by Paul Cameron
Woodworking covers a variety of processes, such as cabinetmaking, joinery, marquetry, turning, and woodcarving. Nevertheless, all expert craftspeople have had to learn the fundamental techniques of marking, measuring, dimensioning, assembling and finishing. These skills are the fundamentals of woodworking and are the nitty-gritty of woodworking, be it hobby or profession.
The capability to conceptualize three dimensionally is necessary to mark up the wood and to envisage how one piece fits with another and in what order. As well, you’ll have to learn which tools will bring about the best outcome, considering the degree of accuracy called for and the attributes of the wood you’re working with.
The process of cutting the wood to size is called dimensioning; it’s a straightforward procedure in theory, but it takes a lot of practice to get it right. All except the most basic of woodworking projects call for cutting and putting together an assortment of joints. Long considered to be a test of a woodworker’s skill, joinery requires unwavering hand-eye coordination. However, practice will help you discover the most effective means to secure one section of wood to another appealingly and inconspicuously without giving up durability.
Knowing how wood actually performs is a key component of these basic abilities. It’s a unique, living thing that expands and contracts in various weather conditions, particularly humidity, and this has to be taken into account by every woodworker when planning and constructing a project. Some woods are simpler to work with than others, and each piece, irrespective of the type, is unique in the way the grain twists and turns.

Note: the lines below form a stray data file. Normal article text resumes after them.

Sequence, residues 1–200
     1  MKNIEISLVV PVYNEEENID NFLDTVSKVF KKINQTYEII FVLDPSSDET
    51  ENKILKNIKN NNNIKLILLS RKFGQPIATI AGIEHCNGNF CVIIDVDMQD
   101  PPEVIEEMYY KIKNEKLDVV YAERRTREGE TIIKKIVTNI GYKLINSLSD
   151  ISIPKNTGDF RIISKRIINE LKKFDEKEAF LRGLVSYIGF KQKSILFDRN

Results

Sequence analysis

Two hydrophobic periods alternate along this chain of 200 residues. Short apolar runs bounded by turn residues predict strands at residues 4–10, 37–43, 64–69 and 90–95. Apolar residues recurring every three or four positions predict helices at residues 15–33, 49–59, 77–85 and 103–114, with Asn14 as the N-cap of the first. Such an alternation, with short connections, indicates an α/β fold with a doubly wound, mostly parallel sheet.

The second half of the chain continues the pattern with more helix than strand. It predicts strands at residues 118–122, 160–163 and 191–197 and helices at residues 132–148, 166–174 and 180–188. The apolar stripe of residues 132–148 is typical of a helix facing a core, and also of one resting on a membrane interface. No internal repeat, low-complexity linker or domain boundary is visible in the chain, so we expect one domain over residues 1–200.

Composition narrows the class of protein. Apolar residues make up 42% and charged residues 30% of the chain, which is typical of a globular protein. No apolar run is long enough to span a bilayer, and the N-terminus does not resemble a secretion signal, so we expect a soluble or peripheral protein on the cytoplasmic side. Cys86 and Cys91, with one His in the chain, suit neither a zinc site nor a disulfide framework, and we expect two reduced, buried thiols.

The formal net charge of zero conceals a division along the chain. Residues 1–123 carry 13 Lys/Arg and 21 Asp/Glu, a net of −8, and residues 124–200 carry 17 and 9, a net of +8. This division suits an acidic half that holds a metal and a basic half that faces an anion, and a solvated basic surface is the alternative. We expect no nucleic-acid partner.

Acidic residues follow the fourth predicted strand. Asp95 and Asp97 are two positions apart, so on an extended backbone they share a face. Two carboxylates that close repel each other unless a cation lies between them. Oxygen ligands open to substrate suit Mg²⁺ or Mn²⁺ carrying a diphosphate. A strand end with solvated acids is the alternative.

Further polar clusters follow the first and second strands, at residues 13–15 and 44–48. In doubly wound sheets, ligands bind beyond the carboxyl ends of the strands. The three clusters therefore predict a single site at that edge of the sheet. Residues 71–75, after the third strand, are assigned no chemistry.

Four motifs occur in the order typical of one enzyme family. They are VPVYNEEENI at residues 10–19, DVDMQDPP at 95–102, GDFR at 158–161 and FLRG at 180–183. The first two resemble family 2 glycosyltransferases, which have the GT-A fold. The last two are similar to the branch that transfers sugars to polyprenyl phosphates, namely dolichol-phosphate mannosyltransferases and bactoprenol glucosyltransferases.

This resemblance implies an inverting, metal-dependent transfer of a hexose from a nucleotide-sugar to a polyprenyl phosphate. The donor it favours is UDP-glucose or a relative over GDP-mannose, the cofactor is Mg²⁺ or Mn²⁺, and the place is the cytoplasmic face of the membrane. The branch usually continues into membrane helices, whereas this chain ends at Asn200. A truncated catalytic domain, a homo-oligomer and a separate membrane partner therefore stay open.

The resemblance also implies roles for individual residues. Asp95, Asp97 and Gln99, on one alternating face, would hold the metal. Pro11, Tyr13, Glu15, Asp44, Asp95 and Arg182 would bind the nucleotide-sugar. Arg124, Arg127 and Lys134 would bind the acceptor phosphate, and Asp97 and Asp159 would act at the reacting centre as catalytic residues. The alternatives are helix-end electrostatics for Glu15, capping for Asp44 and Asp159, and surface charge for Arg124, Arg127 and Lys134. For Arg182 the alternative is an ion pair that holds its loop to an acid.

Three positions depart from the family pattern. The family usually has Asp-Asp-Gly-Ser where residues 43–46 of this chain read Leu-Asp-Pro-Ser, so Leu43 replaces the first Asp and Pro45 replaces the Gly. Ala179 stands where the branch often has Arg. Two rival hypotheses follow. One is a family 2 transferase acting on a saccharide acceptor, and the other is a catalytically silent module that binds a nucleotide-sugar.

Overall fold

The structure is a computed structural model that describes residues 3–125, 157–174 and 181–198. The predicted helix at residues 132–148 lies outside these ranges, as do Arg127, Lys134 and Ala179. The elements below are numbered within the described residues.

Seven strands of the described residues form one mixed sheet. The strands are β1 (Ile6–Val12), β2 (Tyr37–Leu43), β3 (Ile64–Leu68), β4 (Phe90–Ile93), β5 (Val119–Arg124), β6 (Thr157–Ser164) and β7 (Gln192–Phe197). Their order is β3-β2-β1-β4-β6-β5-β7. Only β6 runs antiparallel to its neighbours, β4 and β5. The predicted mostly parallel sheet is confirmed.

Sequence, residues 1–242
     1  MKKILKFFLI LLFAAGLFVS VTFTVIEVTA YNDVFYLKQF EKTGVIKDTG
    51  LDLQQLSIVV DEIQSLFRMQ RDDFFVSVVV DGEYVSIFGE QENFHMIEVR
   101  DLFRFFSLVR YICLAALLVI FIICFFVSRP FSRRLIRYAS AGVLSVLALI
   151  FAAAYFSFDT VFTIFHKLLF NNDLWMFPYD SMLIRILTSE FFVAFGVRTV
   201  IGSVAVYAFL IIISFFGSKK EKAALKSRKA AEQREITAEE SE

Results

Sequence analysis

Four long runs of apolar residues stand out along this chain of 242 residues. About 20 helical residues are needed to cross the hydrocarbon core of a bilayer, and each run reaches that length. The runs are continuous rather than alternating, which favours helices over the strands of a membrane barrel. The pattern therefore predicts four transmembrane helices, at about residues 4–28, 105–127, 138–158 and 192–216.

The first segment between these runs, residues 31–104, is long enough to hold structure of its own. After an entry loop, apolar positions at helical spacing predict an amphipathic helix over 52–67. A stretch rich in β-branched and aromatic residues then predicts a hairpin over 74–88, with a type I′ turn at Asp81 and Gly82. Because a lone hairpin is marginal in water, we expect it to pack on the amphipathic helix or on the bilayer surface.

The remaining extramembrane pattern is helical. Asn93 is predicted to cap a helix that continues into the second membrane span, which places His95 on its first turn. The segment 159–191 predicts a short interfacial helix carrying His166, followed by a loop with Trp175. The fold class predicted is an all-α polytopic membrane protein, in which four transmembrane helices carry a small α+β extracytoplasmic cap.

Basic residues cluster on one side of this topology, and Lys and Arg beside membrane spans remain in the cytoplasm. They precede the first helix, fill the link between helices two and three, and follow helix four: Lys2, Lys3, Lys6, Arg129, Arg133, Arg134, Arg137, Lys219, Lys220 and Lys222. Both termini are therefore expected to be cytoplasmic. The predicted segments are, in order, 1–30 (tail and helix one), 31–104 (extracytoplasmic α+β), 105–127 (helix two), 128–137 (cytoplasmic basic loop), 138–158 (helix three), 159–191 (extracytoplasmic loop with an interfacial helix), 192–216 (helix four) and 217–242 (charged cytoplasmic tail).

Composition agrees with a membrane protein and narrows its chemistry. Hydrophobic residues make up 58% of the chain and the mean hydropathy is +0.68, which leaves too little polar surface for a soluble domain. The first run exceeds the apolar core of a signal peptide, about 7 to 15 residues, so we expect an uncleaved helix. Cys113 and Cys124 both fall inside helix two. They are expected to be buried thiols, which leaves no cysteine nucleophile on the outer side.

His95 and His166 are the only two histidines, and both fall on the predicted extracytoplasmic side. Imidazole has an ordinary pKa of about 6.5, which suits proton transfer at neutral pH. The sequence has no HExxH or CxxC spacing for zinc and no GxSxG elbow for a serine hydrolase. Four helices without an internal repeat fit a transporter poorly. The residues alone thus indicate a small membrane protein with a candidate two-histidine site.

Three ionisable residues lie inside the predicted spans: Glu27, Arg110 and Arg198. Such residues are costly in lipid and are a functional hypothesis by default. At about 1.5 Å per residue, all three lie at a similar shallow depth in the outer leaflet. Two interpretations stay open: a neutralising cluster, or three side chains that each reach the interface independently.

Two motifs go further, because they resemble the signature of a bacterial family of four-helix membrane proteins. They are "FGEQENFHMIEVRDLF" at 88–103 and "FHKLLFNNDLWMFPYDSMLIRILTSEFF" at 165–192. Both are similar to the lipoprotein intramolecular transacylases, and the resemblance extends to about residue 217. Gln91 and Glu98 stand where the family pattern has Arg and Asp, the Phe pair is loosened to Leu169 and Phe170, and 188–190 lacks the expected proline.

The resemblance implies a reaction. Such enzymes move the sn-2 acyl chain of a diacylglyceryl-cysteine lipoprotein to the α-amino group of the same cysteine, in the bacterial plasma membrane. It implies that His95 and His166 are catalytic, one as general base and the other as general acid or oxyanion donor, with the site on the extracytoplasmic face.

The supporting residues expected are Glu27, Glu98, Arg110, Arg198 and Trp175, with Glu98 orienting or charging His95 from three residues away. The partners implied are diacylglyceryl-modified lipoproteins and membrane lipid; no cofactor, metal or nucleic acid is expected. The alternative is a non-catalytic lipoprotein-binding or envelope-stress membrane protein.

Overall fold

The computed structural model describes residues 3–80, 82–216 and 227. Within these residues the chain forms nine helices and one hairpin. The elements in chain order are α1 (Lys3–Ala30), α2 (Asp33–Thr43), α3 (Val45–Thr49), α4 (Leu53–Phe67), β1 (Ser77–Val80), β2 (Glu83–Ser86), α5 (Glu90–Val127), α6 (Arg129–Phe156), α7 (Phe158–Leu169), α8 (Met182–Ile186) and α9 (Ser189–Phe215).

In woodworking, there isn’t just one right way to do things. The most effective method is the one that you’re most comfortable with, and balances all the variables such as how much time is required to finish the project, what tools you have available, how important it is that your project is of the highest quality, and how much enjoyment you get from the process.
Their are lots of reasons for and against using either machines or hand tools in woodworking. Many believe that using hand tools lets you become familiar with cutting and forming the wood without affecting the grain. Other experts in the field believe that you can complete a project faster by using hand tools, mostly because of the time involved in preparing to work with mechanical tools. Some others believe the total opposite.
With a bit of patience, the proper tools and techniques, and a good design, you could be well on your way to creating something you’ll appreciate for a long time to come.